Well, it appears that “Miserable May” is going to follow “Awful April”.  Never thought I would grouse so much about it, but life as a farmer has me laser-focused on weather.  90% of my life I didn’t even look at the weather forecast.  Now I am checking it multiple times a day to know that the rain is going to start in 117 minutes according to Accuweather, so that I can plan what we can get done before the raindrops fall.

The heavy snowpack late, the frequent and heavy rains, has us quite a bit behind normal in planting.  Our North field is nearly a mud swamp.  We could lose several mid- sized tractors in that field and not find them for a couple of years!  It will be two weeks before we can plant that field which will be okay for most crops, but we may end up short on peas this year.

Good news weather-wise, we seem to be in a period of frost-free nights at our location.  Hopefully I won’t jinx us, but it looks like we will not have any more sub 40 degree days at our location on the hill.  For those of you unaware (as I was before farming), in the spring the frost will settle in the valleys.  That is why so many farms were built on the top or near tops of hills to get more land drying breezes and a few more days of frost-free growing.  This warmth will be good for our warm loving plants, tomatoes, peppers, melons, etc.

We are planting about 50% more than we did in 2016, but not evenly across all products.  Cipollini Onions, First Kiss Melons, Sugar Ann Snap Peas, Hoophouse Tomatoes, Luscious Corn, Delicata Squash, Green Towers Romaine, Strawberries (Earliglow, Cavendish, Galletta, Jewel), and Blueberries (Chanticleer, Blue Ray, Patriots) will be leading the way with added volume.  These are the products we ran out of frequently because of the high demand for them.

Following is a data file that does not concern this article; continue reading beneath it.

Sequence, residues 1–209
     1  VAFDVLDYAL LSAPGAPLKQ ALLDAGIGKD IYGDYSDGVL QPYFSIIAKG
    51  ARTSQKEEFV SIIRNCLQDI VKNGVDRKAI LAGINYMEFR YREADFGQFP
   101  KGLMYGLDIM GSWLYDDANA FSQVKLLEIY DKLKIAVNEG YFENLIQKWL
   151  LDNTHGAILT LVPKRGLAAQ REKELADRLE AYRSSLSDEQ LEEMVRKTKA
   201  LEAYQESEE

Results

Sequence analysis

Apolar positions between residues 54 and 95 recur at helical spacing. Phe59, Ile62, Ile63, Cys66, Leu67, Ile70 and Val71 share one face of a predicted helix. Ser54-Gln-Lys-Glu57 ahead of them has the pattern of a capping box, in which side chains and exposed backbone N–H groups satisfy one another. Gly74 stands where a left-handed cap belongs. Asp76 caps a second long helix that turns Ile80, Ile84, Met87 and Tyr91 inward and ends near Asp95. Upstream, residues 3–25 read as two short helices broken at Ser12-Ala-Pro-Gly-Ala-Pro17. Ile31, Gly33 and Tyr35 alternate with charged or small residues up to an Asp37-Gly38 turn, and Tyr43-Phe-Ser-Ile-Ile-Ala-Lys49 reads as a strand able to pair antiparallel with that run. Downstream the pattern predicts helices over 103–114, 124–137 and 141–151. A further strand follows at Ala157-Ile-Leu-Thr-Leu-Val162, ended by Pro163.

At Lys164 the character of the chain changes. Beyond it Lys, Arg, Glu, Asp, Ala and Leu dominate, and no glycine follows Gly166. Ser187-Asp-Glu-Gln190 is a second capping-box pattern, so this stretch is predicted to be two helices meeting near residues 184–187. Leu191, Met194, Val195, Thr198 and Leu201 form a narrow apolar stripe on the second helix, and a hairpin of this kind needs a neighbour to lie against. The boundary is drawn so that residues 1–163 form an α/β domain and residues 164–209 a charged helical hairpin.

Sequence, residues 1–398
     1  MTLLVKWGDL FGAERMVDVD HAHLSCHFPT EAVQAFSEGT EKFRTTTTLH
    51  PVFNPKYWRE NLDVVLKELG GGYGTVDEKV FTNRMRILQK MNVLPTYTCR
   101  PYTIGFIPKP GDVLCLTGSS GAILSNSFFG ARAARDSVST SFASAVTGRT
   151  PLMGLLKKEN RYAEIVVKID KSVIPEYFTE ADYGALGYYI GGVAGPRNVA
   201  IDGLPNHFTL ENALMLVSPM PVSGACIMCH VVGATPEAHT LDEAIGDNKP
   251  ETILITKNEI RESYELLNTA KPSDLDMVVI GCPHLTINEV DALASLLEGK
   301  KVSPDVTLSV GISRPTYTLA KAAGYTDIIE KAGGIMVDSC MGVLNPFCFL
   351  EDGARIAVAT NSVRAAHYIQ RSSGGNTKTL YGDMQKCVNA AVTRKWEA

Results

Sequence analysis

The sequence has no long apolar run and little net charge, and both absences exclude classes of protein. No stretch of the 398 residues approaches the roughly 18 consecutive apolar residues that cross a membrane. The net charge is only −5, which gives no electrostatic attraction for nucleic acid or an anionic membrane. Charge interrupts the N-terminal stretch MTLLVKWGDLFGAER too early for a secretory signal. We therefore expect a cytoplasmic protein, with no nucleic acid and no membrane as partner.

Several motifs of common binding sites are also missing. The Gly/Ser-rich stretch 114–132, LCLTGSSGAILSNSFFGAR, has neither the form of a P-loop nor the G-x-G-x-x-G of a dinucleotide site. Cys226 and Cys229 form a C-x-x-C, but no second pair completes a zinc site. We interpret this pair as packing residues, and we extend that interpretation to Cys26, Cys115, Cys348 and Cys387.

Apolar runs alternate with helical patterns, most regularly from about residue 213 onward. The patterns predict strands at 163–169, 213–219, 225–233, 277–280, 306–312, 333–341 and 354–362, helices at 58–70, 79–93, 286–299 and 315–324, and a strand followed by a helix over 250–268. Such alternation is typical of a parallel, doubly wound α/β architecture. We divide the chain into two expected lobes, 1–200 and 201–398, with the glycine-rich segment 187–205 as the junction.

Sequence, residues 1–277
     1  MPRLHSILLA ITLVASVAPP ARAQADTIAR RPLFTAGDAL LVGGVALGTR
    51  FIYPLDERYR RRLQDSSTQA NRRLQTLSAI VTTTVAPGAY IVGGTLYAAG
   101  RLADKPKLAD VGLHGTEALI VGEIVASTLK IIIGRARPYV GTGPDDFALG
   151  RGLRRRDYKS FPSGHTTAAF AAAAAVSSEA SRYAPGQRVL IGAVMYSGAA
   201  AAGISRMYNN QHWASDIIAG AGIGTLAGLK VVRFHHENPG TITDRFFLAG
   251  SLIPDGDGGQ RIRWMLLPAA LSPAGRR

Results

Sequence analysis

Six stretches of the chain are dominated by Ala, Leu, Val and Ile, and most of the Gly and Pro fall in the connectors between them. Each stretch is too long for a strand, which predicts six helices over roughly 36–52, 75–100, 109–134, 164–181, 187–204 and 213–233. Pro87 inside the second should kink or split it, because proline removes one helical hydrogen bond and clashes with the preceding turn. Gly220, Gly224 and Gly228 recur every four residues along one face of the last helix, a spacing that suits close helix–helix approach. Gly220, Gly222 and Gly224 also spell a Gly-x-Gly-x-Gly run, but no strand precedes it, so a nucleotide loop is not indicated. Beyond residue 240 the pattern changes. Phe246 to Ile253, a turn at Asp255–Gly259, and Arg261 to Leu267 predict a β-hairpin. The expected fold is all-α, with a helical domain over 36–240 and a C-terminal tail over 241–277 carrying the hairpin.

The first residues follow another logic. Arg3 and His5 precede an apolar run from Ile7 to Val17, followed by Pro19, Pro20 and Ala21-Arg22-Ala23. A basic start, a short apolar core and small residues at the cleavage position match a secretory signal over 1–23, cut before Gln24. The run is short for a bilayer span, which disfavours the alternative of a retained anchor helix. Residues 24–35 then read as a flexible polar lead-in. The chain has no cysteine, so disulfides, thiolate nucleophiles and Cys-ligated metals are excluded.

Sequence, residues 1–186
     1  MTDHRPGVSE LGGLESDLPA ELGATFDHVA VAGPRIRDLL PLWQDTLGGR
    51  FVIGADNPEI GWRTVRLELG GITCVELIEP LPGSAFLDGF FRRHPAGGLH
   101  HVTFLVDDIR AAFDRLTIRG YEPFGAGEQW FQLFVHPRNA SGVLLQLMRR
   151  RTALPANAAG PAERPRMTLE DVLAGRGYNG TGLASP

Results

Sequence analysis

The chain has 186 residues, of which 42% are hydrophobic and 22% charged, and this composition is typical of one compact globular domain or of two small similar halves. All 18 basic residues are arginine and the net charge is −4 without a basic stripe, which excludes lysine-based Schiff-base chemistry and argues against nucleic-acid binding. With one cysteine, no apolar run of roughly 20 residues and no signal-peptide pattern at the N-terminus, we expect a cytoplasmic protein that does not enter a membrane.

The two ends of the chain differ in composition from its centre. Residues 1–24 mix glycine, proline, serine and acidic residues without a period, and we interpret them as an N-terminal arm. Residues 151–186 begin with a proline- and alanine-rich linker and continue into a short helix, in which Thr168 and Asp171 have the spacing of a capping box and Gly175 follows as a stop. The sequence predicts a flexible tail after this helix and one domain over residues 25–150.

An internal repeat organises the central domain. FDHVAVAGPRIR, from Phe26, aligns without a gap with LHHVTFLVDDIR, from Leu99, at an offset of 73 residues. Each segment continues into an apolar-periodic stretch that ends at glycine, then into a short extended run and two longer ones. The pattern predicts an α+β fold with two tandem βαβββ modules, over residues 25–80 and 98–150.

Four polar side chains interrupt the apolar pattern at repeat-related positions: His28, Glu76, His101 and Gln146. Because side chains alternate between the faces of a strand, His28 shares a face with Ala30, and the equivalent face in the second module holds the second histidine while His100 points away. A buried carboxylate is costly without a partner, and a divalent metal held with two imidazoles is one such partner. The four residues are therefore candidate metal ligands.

Planting wise, we already have:

  • just under 700 tomato plants in the ground in the hoophouses (8 varieties including 3 cherry varieties)
  • nearly 20,000 onions in the ground (mostly cipollinis)
  • our earliest snap peas and shell peas (3 succession plantings for 2600 feet)
  • many of our famous head lettuces
  • 4000 stalks of corn (sweetness (early variety) and luscious)
  • normal cold crops, cabbage, cauliflower, kale, chard, beets, carrots, etc.

On the employee front we are in our best shape ever.  We have the seasoned and capable year round crew in place:

  • Mike P – my son, who is now in the MOFGA Journeyman program, orchestrates our electrical, mechanical and irrigation designs and implementation
  • Mike C – maestro of operating the heavy equipment
  • Meghan – our soil science specialist and seedling expert
  • along with my wife Debbie and me

For returning summer help we have Carleigh, our uber high-schooler in her 3rd year with us and nephew Frank Pecoraro.  We also have some new additions to the team, one college and several high-school students along with one of our delightful neighbors.  We also have our first H2-A workers, 2 young men from Jamaica who collectively have 15 years experience on farms in America.  Lloyd and Pete are with us from April until September.

We are anticipating a great growing year (despite the slow start) and are looking forward to providing Raymond and the surrounding communities with exceptional certified organic produce that people can have confidence in for the health and well-being of their families.

– Farmer Frank